Imported power, on the other hand, did include some fraction of coal generation, as clarified by this tweet:2nd tweet from National Grid Control Room, Apr. 26, 2017

So even if Great Britain wasn't generating any electricity produced by coal, imports from continental Europe mean that coal is being burned somewhere. Even when all British coal plants are phased out, as is being planned for the 2020s, electricity production on the continent may provide some fraction of coal-generated electricity unless coal plants are phased out there as well.

  • 6
    Furthermore, West Burton is a 2000 MW coal fired plant with 4 boilers and 4 turbines rated at 500 MW each (edfenergy.com/energy/power-stations/cottam-west-burton-a) If only one boiler/generator is running the max power would be 500 MW and min power probably somewhere in the 50% to 70% range. Looking at the graph of coal power in the question, it looks like the lowest coal power rate is around 250 MW. From there it drops to zero or climbs higher. Looks like only one boiler at this plant was online, and it shuts down for large parts of most days.
    – Mark
    Commented May 7, 2017 at 16:31
  • 3
    One more comment - Here's a reference indicating that this plant runs base loaded in the winter, and cycles on and off daily during the summer:hadek.com/industrial-chimney/west-burton-power-station
    – Mark
    Commented May 7, 2017 at 16:49
  • 11
    I think "what does 'offline' really mean?" is the point of the question. Good find though!
    – fectin
    Commented May 7, 2017 at 20:10
  • 3
    This contribution does not provide enough information do answer the question. Offline can probably mean a lot of different things. Commented May 8, 2017 at 8:09
  • 2
    "offline" means they weren't delivering to the national grid, it does not mean they weren't running idle.
    – jwenting
    Commented May 8, 2017 at 10:32

We don't know. As you said in the question, the National Grid did not answer when asked about it and "being offline" is sufficiently undefined to not answer the question.

It's actually four twitter posts in this thread which ask this question and none of them is answered.

I searched the press coverage of the events, but none of what I could find answers this question. BBC, Guardian, NY Times, and Fortune.

Looking at public available information about the West Burton Power station (the one that needed to be taken offline) does unfortunately not answer this question. Wikipedia, EDF energy, Hadek.com.

In absence of specific information of what happened in the West Burton power station on 21st of April I guess that most likely the coal consumption was reduced but maybe not to zero.

Coal power stations are known to need some time to stop and again to start again. It all comes down to the technology and economy of coal power plants.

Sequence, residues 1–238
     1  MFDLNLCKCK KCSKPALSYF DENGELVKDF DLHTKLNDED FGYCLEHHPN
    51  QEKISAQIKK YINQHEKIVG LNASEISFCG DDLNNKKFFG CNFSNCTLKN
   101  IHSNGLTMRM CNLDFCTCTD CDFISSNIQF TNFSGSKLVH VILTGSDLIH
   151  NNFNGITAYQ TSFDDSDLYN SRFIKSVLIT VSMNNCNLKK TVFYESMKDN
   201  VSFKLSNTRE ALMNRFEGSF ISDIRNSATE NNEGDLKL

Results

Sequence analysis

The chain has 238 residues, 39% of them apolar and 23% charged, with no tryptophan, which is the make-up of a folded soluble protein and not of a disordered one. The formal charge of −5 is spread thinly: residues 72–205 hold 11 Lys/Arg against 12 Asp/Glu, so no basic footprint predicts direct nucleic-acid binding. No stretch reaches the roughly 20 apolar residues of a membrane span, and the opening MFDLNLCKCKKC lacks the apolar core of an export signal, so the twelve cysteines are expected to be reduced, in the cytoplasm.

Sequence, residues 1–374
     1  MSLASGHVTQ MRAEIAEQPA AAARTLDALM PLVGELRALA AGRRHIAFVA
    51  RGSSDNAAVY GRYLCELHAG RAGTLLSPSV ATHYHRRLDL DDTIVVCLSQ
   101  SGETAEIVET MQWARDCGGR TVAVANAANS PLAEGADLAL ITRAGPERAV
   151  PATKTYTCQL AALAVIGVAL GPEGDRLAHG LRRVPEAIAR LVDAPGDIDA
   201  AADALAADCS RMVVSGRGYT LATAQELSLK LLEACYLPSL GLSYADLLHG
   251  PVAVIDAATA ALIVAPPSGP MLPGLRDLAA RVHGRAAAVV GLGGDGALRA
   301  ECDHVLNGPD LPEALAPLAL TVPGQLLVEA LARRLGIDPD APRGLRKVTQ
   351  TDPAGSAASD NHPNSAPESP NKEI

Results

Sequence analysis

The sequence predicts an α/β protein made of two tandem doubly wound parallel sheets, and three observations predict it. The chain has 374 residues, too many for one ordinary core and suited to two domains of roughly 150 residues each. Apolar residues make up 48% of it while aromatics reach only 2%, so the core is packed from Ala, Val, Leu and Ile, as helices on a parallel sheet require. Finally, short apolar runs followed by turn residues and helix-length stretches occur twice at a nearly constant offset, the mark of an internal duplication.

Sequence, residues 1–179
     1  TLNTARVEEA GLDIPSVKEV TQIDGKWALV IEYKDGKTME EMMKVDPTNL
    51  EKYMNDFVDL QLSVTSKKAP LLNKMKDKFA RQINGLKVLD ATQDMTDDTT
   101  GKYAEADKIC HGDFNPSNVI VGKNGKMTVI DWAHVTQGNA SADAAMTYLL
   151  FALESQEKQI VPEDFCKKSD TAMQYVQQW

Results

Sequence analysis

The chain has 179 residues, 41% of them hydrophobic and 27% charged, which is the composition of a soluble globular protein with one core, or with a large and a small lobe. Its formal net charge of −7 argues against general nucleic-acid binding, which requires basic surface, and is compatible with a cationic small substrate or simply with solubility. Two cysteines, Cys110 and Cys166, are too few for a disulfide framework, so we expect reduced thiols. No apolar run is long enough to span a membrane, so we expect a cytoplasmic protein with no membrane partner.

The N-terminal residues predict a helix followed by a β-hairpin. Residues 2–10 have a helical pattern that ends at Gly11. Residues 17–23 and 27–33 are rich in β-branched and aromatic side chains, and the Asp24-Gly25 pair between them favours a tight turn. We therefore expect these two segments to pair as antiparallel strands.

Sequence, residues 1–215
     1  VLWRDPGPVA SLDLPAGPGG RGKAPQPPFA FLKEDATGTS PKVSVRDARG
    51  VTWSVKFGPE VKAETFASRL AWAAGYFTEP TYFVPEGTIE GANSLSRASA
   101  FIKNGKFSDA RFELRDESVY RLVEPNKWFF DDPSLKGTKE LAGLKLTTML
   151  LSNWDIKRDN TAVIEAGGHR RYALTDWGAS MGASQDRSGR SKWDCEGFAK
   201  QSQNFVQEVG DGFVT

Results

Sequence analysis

Please see the article about cycling of coal power stations cited by Mark in the first comment under the question.

The Technical Assessment of the Operation of Coal & Gas Fired Plants by the UK government lists some technical limitations for starting and stopping coal power plants as well as some typical cold/hot startup times in the order of hours.

From reading this brochure The Future Role of Fossil Power Generation by Siemens I gather that:

  • It is unlikely the coal-fired power plant West Burton 1 was cold (completely stopped). So some fraction of coal was probably still burned, but it may be considerably less than during normal operation.
  • It could have been down cycled, because this is needed for frequent fluctuations like day-night cycles anyway. So if the technology is available it might as well have been used. However I don't know if this was the case here. The cycle times seem to be within hours, so a down regulation during 24 hours is definitely possible.
  • 1
    This answer basically takes the tack of "I don't know, therefore no-one knows." You haven't shown that the information being sought is unknowable.
    – Oddthinking
    Commented May 8, 2017 at 13:43
  • 7
    @Oddthinking Thanks. I agree. I have added information of where I searched and could not find the information. In general, it seems impossible to show that an information is unknowable least you ask everyone, doesn't it. I wonder what the general stance of the community is towards "negative answers"? Is showing your research enough or should one just refrain from answering? Is there a meta question dealing with this? Commented May 8, 2017 at 14:24

You must log in to answer this question.

Not the answer you're looking for? Browse other questions tagged .